I celebrated this July 4 without any sort of fireworks or barbeque. A day of independence it was. Life here is much more self-guided than anything else, which can be both a blessing and a curse. It means I have the time, often making motivation the limiting factor. It’s not to say that I live in complete solitude. The rebuilding of my local network is the tough part, because I previously relied on so many people for different kinds of support and social interaction.
The part of Peace Corps service most people don’t write home about is the periodic boredom. I remember a saying, “if you’re bored, you’re boring,” so I try to occupy my time with constructive, stimulating activities. There comes a point, though, when social interaction is the only thing we need. This is perhaps why the first few months of service are the time when most volunteers terminate and go home. For the record, 33 of our 40 volunteers remain in country. I’m not hinting that I’m going home, just pointing to the fact that this period of time is the hardest in the volunteer lifecycle.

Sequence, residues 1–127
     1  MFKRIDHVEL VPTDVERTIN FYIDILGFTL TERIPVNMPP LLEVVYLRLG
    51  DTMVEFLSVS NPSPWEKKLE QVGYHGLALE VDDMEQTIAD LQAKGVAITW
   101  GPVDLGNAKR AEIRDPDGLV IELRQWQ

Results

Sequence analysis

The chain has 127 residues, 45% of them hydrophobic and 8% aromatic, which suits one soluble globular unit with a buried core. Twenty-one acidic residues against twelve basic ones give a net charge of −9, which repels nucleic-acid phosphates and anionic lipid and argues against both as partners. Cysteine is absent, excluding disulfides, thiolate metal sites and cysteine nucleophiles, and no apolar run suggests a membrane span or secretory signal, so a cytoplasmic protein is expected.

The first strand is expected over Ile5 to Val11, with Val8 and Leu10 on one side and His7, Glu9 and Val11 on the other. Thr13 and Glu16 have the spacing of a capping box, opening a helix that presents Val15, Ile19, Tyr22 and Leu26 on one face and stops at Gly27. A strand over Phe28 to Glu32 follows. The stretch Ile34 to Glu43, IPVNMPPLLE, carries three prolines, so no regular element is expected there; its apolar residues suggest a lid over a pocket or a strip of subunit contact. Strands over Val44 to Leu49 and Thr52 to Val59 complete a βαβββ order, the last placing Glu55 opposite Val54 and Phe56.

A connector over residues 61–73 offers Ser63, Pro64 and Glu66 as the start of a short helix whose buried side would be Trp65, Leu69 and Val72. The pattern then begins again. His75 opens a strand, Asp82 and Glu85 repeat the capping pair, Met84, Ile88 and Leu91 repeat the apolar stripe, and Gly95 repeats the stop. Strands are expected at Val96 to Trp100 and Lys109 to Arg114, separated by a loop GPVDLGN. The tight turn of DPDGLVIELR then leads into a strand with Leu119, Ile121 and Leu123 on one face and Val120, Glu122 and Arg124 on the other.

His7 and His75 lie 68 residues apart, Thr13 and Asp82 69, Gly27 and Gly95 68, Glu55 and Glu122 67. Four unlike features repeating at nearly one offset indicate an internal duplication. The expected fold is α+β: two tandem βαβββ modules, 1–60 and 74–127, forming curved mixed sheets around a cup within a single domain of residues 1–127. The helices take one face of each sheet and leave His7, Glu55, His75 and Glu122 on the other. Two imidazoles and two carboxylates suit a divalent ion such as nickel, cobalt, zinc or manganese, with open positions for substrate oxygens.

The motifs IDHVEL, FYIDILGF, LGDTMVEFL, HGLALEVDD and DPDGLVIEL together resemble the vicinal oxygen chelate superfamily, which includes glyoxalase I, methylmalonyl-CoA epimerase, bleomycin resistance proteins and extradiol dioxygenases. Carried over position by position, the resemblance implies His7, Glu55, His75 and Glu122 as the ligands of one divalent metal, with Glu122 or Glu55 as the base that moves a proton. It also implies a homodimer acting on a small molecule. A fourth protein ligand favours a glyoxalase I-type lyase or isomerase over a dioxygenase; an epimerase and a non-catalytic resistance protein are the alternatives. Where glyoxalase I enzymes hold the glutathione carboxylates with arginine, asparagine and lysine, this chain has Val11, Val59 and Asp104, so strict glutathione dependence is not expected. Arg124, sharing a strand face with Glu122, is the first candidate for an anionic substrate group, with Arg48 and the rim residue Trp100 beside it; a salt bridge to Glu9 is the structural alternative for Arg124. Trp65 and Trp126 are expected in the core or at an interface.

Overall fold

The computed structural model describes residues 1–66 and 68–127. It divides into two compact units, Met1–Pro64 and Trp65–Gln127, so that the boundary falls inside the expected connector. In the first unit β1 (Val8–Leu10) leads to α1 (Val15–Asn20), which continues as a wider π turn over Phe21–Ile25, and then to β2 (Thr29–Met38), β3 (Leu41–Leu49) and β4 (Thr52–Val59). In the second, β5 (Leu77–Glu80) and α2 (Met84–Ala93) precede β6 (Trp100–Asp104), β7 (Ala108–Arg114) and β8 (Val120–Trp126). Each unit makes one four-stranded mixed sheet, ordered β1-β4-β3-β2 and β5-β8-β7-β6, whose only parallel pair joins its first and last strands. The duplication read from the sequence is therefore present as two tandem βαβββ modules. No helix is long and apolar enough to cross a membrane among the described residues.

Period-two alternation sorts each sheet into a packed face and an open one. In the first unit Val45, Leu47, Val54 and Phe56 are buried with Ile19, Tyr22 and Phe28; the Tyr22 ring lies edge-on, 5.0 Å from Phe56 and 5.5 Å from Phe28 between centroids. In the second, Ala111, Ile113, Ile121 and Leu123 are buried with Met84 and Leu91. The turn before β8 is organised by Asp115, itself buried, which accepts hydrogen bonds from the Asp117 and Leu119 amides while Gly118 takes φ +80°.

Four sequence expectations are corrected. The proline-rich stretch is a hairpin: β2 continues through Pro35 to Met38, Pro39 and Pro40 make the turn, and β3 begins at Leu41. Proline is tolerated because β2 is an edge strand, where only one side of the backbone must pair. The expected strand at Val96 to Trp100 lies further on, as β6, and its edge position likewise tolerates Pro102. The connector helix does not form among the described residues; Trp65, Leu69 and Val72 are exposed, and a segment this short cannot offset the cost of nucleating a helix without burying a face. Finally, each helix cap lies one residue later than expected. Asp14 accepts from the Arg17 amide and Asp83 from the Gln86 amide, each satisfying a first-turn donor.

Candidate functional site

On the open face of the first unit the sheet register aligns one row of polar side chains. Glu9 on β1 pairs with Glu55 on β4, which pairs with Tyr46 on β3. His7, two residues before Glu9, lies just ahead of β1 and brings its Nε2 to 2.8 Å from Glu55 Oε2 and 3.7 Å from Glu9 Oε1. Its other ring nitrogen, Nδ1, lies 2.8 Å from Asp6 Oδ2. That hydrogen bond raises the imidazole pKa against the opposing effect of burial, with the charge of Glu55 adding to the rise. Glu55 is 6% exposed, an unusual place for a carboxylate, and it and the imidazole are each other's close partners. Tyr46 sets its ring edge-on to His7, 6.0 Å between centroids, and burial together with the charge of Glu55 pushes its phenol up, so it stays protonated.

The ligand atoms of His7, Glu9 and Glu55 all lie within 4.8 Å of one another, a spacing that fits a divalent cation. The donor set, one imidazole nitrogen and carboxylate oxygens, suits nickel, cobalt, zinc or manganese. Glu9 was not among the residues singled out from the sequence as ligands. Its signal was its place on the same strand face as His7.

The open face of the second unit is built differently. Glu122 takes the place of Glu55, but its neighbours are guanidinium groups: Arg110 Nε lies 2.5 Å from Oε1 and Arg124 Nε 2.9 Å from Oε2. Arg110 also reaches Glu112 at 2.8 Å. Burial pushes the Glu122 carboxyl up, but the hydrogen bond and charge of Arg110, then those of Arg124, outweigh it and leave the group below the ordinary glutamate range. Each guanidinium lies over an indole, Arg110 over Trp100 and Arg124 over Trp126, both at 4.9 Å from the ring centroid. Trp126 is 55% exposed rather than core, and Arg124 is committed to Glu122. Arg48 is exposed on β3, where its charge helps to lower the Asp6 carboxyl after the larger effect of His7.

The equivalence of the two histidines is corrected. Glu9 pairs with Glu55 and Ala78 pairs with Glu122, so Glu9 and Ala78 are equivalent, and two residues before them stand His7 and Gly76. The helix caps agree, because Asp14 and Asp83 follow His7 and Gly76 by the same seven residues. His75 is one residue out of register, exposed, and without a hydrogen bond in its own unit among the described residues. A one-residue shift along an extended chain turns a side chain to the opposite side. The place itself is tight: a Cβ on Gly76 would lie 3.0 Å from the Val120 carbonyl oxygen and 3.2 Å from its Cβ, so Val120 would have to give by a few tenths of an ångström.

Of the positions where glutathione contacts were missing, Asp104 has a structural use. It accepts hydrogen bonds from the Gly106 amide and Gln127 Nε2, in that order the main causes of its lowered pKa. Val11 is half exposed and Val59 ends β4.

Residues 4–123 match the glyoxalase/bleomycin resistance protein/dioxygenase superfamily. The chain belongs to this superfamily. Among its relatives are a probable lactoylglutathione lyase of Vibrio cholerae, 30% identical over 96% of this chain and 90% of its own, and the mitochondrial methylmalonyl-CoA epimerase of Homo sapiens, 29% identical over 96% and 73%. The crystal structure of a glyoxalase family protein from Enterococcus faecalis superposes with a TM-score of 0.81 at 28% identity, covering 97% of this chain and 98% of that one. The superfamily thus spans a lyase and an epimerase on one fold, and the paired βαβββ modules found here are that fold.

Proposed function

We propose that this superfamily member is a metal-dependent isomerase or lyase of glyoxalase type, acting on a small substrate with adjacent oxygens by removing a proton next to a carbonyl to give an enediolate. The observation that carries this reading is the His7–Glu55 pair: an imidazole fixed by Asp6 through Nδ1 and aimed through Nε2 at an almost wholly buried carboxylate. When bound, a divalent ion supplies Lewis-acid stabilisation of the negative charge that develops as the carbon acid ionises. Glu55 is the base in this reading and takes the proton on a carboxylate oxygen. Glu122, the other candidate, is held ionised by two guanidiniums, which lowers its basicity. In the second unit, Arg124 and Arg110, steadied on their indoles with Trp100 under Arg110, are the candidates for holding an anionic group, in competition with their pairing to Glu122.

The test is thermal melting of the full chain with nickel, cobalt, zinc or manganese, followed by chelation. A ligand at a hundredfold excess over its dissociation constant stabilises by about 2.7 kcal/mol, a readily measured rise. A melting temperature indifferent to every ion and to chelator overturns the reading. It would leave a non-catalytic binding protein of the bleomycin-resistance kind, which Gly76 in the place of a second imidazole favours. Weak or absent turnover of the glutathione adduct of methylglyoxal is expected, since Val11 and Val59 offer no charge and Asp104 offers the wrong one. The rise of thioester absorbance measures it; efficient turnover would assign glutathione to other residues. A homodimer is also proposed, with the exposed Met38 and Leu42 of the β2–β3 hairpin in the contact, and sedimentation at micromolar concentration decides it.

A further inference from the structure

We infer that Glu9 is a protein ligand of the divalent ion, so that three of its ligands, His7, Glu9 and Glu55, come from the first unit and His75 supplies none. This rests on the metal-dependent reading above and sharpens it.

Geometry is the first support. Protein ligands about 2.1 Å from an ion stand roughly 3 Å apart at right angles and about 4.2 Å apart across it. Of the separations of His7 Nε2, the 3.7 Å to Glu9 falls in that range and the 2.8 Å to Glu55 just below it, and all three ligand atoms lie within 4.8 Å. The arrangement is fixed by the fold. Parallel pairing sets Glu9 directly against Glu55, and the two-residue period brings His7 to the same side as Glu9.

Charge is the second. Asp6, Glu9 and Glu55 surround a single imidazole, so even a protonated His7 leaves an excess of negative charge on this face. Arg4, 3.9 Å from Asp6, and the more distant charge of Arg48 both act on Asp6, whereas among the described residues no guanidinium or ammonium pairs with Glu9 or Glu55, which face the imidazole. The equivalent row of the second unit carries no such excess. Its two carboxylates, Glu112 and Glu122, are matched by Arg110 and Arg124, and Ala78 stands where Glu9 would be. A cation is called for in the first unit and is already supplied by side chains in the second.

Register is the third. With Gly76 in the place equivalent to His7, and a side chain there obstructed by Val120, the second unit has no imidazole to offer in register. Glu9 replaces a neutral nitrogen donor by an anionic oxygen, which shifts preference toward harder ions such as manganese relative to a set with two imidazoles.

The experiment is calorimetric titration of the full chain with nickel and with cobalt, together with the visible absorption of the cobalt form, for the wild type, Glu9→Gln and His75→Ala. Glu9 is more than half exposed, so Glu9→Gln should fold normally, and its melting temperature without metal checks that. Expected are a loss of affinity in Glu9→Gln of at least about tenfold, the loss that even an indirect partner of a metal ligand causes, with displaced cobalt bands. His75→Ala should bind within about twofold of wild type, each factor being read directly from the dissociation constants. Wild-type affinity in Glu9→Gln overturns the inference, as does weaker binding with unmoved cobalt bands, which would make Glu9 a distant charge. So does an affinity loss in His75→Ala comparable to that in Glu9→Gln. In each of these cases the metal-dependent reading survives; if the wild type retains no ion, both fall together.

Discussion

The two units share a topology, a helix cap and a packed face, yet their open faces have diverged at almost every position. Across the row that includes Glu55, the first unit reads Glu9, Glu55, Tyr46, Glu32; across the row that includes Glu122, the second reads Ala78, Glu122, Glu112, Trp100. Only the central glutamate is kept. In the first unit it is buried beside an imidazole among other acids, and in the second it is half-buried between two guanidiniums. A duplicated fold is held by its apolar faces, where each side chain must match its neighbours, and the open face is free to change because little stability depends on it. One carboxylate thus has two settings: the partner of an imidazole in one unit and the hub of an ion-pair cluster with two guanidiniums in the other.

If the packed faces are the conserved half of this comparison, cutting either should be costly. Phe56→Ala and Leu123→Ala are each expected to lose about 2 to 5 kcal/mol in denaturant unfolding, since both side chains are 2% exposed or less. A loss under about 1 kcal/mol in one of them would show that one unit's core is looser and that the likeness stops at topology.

This post turned out to depict a less than delightful scene, so I’ll end it with hope: to future, happier, in-country holidays with friends. To making new friends.